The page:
The relator alleges that the 1993 convention in Washington, D.C. was conducted in an illegal and improper manner so as to render its results a nullity. Accordingly, it seeks leave to sue in quo warranto to dissolve the ADC as not constituting the "surviving corporation" to carry on the purposes of the ADC and the CAD. The relator also alleges that the ADC is usurping a corporate franchise in California because the proper documents were not filed with the Secretary of State and the merger was not approved by the Attorney General as required under California law. ANALYSIS Section 803 of the Code of Civil Procedure provides that "[a]n action may be brought by the attorney general . . . upon a complaint of a private party . . . against any corporation, either de jure or de facto, which usurps, intrudes into, or unlawfully holds or exercises any franchise within this state." (See also Corp. Code, §§ 1801, 6510-6511.)1 An action in quo warranto is maintained "in the interest of the public . . . ." (67 Ops.Cal.Atty.Gen. 151, 153 (1984); see City of Campbell v. Mosk (1961) 197 Cal.App.2d 640, 648650.) In determining whether to grant leave to sue, this office considers: (1) whether the application has raised a substantial issue of law or fact which a court should decide and (2) whether it would be in the public interest to grant leave to sue. (See, e.g., 77 Ops.Cal.Atty.Gen. 7, 8 (1994).) With respect to the issue of whether the 1993 convention held in Washington, D.C. was lawfully constituted, we have reviewed in detail the records and papers submitted by the parties. There can be little doubt that a substantial question of fact is presented concerning whether the convention was held in accordance with the rules established by the FDC and the CAD, particularly with regard to the validity of the credentials of numerous delegates. As to whether the proper documents were filed with the Secretary of State for the incorporation of the ADC, the relator urges that an "agreement of merger" should have been executed and filed under the terms of section 6011. Section 6011 provides: "The board of each corporation which desires to merge shall approve an agreement of merger. The constituent corporations shall be parties to the agreement of merger and other persons may be parties to the agreement of merger. The agreement shall state: "(a) The terms and conditions of the merger; "(b) The amendments, subject to Sections 5810 and 5816, to the articles of the surviving corporation to be effected by the merger, if any; if any amendment changes the name of the surviving corporation, the new name may be the same or similar to the name of a disappearing corporation, subject to subdivision (b) of Section 5122; "(c) The amendments to the bylaws of the surviving corporation to be effected by the merger, if any;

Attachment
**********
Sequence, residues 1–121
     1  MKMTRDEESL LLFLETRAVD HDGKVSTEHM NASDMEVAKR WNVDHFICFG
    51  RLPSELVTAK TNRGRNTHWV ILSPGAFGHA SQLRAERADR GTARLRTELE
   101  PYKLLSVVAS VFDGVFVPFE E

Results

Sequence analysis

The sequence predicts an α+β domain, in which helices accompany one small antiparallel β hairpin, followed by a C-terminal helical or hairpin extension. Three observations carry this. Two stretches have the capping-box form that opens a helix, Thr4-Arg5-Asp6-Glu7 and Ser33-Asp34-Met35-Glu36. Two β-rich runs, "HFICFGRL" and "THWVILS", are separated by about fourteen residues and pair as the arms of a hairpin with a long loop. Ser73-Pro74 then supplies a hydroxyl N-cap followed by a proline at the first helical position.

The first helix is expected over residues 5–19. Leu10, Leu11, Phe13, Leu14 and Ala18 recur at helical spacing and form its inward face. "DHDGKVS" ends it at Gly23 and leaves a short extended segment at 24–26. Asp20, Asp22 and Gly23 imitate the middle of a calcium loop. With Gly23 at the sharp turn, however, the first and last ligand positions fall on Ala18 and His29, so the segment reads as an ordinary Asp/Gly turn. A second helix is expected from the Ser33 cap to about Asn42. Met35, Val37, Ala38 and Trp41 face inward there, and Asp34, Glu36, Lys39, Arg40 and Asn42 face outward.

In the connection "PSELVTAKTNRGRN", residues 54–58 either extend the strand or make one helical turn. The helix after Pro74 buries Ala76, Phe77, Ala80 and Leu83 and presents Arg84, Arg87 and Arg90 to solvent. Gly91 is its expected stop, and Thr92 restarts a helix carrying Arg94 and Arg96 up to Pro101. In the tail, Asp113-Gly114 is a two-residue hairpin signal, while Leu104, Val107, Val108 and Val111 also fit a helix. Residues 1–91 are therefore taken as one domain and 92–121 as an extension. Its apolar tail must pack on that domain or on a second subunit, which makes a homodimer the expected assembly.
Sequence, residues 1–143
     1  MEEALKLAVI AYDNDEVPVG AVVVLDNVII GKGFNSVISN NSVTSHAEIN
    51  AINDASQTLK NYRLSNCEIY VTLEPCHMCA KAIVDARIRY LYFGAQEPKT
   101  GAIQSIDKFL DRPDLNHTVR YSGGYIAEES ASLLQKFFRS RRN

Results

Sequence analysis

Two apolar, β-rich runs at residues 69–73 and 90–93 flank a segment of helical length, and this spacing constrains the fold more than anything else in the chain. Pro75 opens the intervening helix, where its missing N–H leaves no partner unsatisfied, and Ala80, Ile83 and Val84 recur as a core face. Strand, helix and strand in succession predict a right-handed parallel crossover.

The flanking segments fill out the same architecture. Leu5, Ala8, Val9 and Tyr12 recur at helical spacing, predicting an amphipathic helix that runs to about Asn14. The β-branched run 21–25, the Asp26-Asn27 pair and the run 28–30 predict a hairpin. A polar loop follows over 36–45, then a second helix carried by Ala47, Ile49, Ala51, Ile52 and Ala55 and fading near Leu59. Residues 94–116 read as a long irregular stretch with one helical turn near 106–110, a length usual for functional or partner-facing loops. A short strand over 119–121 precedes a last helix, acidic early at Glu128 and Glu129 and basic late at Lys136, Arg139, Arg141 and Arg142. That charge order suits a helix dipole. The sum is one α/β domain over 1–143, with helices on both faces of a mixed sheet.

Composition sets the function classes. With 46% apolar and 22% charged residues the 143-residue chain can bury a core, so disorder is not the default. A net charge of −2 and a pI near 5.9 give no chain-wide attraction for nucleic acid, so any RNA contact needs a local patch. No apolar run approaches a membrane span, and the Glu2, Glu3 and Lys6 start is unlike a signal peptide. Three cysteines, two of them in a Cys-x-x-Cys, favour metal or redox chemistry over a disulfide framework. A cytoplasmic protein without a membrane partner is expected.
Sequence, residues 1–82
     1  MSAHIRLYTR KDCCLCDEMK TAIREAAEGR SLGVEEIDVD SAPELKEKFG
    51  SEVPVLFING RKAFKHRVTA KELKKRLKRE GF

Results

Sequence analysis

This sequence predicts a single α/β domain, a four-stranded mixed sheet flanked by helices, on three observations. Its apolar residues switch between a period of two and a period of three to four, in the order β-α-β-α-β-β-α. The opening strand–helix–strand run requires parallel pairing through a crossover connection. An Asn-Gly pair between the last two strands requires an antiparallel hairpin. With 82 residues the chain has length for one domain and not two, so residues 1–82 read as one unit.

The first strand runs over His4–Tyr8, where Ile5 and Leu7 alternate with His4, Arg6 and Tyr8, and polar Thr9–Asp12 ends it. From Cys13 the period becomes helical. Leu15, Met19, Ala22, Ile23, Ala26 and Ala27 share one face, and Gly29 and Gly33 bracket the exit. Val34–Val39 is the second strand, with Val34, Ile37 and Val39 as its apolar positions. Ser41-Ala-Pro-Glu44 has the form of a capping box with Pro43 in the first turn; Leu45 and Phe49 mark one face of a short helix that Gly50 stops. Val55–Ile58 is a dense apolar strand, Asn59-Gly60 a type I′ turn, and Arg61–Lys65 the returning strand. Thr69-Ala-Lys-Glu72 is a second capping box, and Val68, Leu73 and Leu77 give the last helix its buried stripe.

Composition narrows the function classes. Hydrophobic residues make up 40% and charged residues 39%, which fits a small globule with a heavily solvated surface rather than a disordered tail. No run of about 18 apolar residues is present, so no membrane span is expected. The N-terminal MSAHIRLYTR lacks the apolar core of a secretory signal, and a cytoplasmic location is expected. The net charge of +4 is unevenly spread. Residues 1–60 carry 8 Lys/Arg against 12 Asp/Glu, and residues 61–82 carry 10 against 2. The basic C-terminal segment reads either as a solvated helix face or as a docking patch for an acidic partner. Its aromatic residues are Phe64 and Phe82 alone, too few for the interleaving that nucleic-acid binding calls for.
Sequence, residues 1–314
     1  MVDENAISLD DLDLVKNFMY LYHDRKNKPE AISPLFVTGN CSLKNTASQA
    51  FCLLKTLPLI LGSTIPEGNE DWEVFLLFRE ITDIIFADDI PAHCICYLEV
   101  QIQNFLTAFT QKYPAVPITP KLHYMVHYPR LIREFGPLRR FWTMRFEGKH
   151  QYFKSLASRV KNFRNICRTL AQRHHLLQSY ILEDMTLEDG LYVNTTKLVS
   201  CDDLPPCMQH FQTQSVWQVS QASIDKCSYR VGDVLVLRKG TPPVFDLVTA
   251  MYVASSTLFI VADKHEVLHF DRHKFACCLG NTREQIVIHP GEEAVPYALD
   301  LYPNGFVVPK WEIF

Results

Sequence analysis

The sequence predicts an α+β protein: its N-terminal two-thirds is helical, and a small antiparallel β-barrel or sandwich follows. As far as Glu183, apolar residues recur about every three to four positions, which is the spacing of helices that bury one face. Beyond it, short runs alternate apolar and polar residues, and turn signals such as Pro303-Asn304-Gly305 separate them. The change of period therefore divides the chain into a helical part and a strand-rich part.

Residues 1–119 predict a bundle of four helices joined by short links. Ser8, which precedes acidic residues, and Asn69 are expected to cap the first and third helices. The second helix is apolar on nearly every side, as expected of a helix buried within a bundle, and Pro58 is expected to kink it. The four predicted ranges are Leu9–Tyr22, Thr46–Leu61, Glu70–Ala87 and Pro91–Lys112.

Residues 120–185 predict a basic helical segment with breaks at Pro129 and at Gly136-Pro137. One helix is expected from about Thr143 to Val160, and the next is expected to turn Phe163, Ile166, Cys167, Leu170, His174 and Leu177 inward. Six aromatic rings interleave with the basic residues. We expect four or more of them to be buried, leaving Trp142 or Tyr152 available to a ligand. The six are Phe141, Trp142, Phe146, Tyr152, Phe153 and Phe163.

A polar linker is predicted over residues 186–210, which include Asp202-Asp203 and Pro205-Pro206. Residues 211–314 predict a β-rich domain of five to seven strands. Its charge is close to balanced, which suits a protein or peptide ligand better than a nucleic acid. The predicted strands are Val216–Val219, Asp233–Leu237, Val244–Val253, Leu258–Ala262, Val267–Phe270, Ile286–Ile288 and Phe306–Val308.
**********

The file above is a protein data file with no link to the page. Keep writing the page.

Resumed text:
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All references hereafter to the Corporations Code are by section number only. 2. 93-808